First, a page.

SOMERSET, NJ - A local 4th grader will join students from across the nation to take part in a program designed to "enable students to explore their interests and experience learning beyond the classroom" according to a news release.
This summer, Kimberly Osenenko an Elizabeth Avenue School (EAS) student, will take part in a unique academic and career-oriented development experience, Envision’s National Youth Leadership Forum: Pathways to STEM in Philadelphia.
“Pathways to STEM is a great opportunity for high-achieving scholars to get outside the classroom and see, through hands-on interactive learning, how to innovate and think creatively,” Andrew Potter, the Chief Academic Officer for Envision said in release. “These students, who have already proven themselves academically, will be challenged to work on real-world, student-created projects to bring their studies and career interests to life.”
Osenenko is in the gifted and talented program at EAS and says she is looking forward to meeting other students who have a passion for science.
“I’m really looking forward to meeting more kids my age who are really into science," Osenenko said. "Other than that, I don’t really know what to expect, so I’m not sure what to be excited about.”
Osenenko's science teacher Tina Wojtowicz, nominated her for the week-long program, according to the release. Sharon Osenko, Kimberly's mom credits parental support and EAS staff with nurturing Kimberly's excitement for the sciences.
"I have to say, as well, that, while Kim has always been interested in science and engineering, she has really come into her own where it is concerned over the past several years at EAS," Sharon said. "Her teachers have really brought out the best in her and have been instrumental in her setting life goals. Women are constantly increasing their presence in STEM fields and I am so excited that my daughter plans to be part of that."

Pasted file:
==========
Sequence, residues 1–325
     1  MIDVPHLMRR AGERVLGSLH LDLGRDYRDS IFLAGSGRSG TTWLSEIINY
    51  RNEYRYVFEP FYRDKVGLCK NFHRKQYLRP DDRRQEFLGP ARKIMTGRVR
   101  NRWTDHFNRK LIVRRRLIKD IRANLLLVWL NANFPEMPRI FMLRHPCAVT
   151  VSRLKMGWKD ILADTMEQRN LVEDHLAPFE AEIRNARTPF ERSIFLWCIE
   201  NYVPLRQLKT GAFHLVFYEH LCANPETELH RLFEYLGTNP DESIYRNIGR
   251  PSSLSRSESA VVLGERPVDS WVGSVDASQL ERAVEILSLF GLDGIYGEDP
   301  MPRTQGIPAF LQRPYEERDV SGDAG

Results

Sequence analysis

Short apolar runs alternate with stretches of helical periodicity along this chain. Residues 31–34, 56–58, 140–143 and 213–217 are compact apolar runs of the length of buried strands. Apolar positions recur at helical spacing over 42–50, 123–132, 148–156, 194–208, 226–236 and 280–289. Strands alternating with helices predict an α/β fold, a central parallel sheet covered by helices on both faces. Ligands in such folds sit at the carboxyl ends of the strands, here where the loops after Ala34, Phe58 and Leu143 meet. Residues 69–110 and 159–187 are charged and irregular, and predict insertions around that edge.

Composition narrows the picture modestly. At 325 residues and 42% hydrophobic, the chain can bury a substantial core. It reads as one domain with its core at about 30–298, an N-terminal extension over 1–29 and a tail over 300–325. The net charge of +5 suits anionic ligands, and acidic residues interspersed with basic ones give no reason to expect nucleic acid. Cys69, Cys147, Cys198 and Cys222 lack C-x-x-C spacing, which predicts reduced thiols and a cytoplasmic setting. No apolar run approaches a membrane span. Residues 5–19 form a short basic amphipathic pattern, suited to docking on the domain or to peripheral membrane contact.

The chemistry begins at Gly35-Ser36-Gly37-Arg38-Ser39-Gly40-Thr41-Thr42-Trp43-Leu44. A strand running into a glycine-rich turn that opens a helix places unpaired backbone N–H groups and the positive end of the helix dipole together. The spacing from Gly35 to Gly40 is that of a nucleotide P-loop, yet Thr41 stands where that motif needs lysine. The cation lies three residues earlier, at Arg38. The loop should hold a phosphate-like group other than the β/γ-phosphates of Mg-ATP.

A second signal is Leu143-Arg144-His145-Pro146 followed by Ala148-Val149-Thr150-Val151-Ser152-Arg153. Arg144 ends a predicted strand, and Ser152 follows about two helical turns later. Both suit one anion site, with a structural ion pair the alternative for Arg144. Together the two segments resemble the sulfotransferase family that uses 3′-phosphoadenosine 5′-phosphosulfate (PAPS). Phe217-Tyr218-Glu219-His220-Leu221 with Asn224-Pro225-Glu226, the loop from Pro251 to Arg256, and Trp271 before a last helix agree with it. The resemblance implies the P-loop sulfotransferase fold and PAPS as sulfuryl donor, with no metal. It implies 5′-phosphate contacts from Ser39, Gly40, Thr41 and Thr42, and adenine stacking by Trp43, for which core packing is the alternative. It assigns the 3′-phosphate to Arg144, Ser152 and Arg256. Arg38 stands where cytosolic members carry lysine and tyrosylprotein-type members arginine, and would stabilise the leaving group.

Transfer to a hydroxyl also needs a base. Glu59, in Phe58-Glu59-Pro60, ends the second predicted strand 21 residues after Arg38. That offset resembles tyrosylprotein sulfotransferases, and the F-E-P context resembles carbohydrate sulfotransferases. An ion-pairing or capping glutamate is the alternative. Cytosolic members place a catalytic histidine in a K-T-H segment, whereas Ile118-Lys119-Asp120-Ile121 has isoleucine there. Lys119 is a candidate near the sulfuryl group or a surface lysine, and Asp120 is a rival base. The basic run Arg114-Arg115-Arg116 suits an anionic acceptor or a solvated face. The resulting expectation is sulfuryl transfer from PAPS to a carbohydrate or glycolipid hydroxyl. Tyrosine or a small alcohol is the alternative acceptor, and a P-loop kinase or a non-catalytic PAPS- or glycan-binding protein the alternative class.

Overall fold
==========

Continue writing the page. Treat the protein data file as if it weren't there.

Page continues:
According to the release, during a recent remodel, she turned her bedroom into a science lab and she plans to be a chemist when she grows up. The trip was made possible thanks to fundraising efforts by Kimberly's mom, dad, and aunts, according to the release.
“My husband, Paul, and I believe that the best thing you can do is lean into the things your kids are passionate about, support it, and learn right along with them," Sharon said.
Sharon also credits her husband who is an electrician with helping Kimberly with math and science homework. She also feels parents should support their children's interests, no matter what they may be.
"Supporting the things your kids love will look different for each kid, for each hobby, for each family," Sharon said. "Our other daughter is an artist, so supporting her means buying paints and canvases, hitting up art shows, taking advantage of our friends at the Villagers Theater here in town to let her help paint sets. One of the most important things, I’d say, is helping children see how the things they love to do can fit into their life long term. Kimmie’s love of science and engineering can blossom into any number of promising careers. So can Josephine’s love of art. It’s an ever-evolving conversation around our house."
Since 1985, Envision programs have served more than 800,000 students in more than 145 countries, with programs designed to help students develop the leadership, scholarship and career skills needed to succeed in today’s competitive college and career landscape.
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